Dwight Yoakam and Old Crow Medicine Show
Dwight Yoakam and Old Crow Medicine Show
Grammy®-winning artists and entertainment icons Dwight Yoakam and Old Crow Medicine Show have announced a co-headlining tour with a stop at Meadow Brook Amphitheatre on the campus of Oakland University on Friday, August 26 at 8 p.m.
Dwight Yoakam has sold more than 25 million albums worldwide, and he is a 21-time nominated, multiple Grammy® Award winner. He has 12 gold albums and 9 platinum or multi-platinum albums, with five of those albums topping Billboard’s Country Albums chart and another 14 landing in the Top 10. Nearly 40 of Yoakam’s singles have charted on Billboard, with 14 peaking in the Top 10. Yoakam is a recipient of the Artist of the Year award from the Americana Music Association, the most prestigious award offered by the organization. He was inducted into the Nashville Songwriters Hall of Fame in the Songwriter/Artist category at the 49th anniversary Gala in 2019.
In 2016, Yoakam released his bluegrass album Swimmin’ Pools, Movie Stars… on Sugar Hill Records. Featuring a band of bluegrass luminaries, this album boasts a collection of reinterpreted favorites from his catalogue, as well as a cover of Prince’s “Purple Rain”. Produced by nine-time GRAMMY winner Gary Paczosa (Alison Krauss, Dolly Parton), Jon Randall (songwriter of “Whiskey Lullaby”), and Yoakam himself, and mixed by Chris Lord-Alge, this album reflects the love for bluegrass music that Yoakam developed at an early age in Kentucky and that has inspired him for many years thereafter. In 2018, Yoakam released two songs, “Pretty Horses” and “Then Came Monday” (the latter written with Chris Stapleton).
On their whirlwind new album Paint This Town, Old Crow Medicine Show offer up a riveting glimpse into American mythology and the wildly colorful characters who populate it. The most incisive body of work yet from the Nashville-based roots band—a two-time Grammy Award-winning juggernaut whose triumphs include induction into the Grand Ole Opry and double-platinum certification for their iconic hit single “Wagon Wheel”—the album pays homage to everyone from Elvis Presley to Eudora Welty while shedding a bright light on the darker aspects of the country’s legacy. Fueled by Old Crow’s freewheeling collision of Americana, old-time music, folk, and rock & roll, Paint This Town relentlessly pulls off the rare and essential feat of turning razor-sharp commentary into the kind of songs that inspire rapturous singing along.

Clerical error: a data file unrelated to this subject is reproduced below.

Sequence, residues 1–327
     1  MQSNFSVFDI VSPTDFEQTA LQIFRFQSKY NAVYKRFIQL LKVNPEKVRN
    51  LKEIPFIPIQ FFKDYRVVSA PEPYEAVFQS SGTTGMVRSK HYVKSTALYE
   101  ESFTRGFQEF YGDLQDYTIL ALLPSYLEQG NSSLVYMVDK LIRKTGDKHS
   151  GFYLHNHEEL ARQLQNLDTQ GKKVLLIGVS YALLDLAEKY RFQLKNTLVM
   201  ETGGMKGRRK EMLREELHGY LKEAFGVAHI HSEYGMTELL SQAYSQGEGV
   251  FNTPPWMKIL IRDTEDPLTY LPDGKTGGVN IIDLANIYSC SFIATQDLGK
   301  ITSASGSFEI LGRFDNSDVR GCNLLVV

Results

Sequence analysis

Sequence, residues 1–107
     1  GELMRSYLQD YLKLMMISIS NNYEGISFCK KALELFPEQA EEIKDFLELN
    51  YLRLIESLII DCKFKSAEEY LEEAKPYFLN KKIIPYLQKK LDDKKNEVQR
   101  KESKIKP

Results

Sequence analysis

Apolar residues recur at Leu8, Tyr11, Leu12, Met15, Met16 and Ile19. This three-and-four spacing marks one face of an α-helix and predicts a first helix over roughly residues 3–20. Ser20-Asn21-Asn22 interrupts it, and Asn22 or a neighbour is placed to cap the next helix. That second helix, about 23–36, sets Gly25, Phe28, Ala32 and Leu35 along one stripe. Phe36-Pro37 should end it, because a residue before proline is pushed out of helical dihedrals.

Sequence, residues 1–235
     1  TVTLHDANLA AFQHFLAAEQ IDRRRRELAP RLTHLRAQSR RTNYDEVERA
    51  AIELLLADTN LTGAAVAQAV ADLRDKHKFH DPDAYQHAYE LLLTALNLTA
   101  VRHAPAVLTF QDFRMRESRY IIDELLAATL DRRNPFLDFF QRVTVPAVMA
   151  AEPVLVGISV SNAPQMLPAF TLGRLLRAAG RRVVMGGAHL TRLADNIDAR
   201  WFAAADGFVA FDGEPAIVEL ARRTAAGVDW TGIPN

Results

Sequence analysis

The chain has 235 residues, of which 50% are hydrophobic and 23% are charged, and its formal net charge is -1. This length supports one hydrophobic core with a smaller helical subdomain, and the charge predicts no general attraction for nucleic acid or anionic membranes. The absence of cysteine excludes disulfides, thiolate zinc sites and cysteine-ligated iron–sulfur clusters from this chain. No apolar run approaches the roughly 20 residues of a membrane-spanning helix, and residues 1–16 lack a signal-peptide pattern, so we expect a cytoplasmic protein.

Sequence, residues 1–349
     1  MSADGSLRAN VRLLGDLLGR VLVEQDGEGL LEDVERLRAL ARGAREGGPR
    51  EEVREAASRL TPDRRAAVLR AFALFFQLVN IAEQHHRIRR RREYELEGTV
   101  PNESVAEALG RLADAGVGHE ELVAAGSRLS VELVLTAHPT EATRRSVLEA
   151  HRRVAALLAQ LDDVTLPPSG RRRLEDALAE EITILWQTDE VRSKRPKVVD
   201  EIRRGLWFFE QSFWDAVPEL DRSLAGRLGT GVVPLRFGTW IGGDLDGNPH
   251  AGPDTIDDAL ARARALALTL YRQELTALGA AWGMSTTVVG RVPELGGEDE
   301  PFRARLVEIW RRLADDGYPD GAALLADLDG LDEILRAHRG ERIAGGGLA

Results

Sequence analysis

In a major milestone for Old Crow, Paint This Town marks the first album created in their own Hartland Studio: an East Nashville spot the band acquired in early 2020 then transformed into a clubhouse-like space custom-built to suit their distinct sensibilities. “Over the years we’ve spent a lot of time and money in professional studios, but this was the first time we’d worked in our own place since back in the late ’90s, when we’d hang a microphone from the rafters and record a cassette on our TASCAM 4-track,” says frontman Ketch Secor. Co-produced by the band and Matt Ross-Spang (a producer/engineer/mixer who’s worked with the likes of John Prine and Jason Isbell), Paint This Town also took shape from a far more insular process than their past work with such producers as Don Was and Dave Cobb (who helmed Old Crow’s most recent effort, 2018’s widely acclaimed Volunteer). Not only instrumental in allowing the band a whole new level of creative freedom, that self-contained approach helped to revive a certain spirit of pure abandon. “Doing it ourselves was a lot more fun with a lot less stress or pressure, and because of that we were way less precious about it,” says Secor. “It all just felt less like a chore and more like a complete joy.”